An Ideal Husband
The drama concerns Sir Robert Chiltern (Gregory Wooddell), a rising star in Parliament and a man of unquestioned integrity. Indeed, his wife (Rachel Pickup) refuses to acknowledge that he could ever behave in a less than exemplary manner. Of course, no idol is flawless, as the scheming Mrs. Cheveley (Emily Raymond) knows, and very soon she's threatening to reveal Sir Robert's long-buried act of insider tradingto use the contemporary termto the press and destroy both his career and his comfortable life if he doesn't support her business interests. (Yes, the plot also offers adulterous flirtations, but money and power rather than sex are the primary motivations.)
Since this is Wilde, the list of characters includes a witty, self-absorbed dandy who gets the cleverest epigramsnotably, "To love oneself is the beginning of a lifelong romance." This is Lord Goring (Cameron Folmar), a man who lives for fashion, fine clothes, and studied triviality, and for causing apoplexy in his stodgy, responsible father (David Sabin). He also has a history with Mrs. Cheveley and the admiration of Sir Robert's sister Mabel (Claire Brownell).
Baxter has taken a large cast and molded an ensemble in which each member understands the proper place of elevated language and extravagant posturing. Folmar and Raymond get the major opportunities to show off, as their characters thrive on artificiality, but Wooddell gives a layered performance as a man who thinks he can escape his past, and Pickup ably depicts how Lady Chiltern learns compassion and kindness. Some Shakespeare Theatre favorites do wonders with small roles: Floyd King is Lord Goring's impassive servant, and Nancy Robinette is a dowager who always thinks she's making sense as she dithers on.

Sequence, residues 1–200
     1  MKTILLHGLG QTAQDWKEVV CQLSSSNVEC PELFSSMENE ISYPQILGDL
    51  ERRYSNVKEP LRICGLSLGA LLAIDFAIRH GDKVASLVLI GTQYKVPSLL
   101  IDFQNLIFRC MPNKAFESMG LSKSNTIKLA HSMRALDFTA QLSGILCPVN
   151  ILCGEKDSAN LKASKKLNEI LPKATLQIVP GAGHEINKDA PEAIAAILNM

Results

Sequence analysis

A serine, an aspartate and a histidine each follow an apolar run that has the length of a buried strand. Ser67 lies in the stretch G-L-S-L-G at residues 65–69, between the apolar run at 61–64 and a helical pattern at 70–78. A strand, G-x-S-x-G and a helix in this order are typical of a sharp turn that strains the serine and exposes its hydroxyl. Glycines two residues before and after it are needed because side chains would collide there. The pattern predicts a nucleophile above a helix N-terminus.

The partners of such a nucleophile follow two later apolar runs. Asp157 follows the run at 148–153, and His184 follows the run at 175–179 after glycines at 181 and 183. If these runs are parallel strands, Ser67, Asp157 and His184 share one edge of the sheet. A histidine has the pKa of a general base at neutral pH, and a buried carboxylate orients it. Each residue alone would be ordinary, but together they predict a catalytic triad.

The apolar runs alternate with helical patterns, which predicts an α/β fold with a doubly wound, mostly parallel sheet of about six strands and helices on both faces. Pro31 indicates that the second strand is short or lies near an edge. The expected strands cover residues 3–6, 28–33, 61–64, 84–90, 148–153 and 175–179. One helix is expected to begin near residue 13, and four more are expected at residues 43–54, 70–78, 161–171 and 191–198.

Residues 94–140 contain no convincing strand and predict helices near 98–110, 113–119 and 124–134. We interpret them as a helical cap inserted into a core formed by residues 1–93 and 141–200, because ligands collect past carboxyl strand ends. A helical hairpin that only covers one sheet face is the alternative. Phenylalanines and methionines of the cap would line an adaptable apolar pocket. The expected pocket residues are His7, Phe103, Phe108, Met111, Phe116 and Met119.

Robert Perdziola has again designed luscious costumesin pale colors for the "respectable" ladies, while Mrs. Cheveley wears intense jewel tonesand scenic designer Simon Higlett earns applause for two vastly different settings: the overstuffed Chiltern mansion, complete with massive columns, and Lord Goring's airy home with its light wood shelves and Chinese vases.
Shakespeare Theatre Company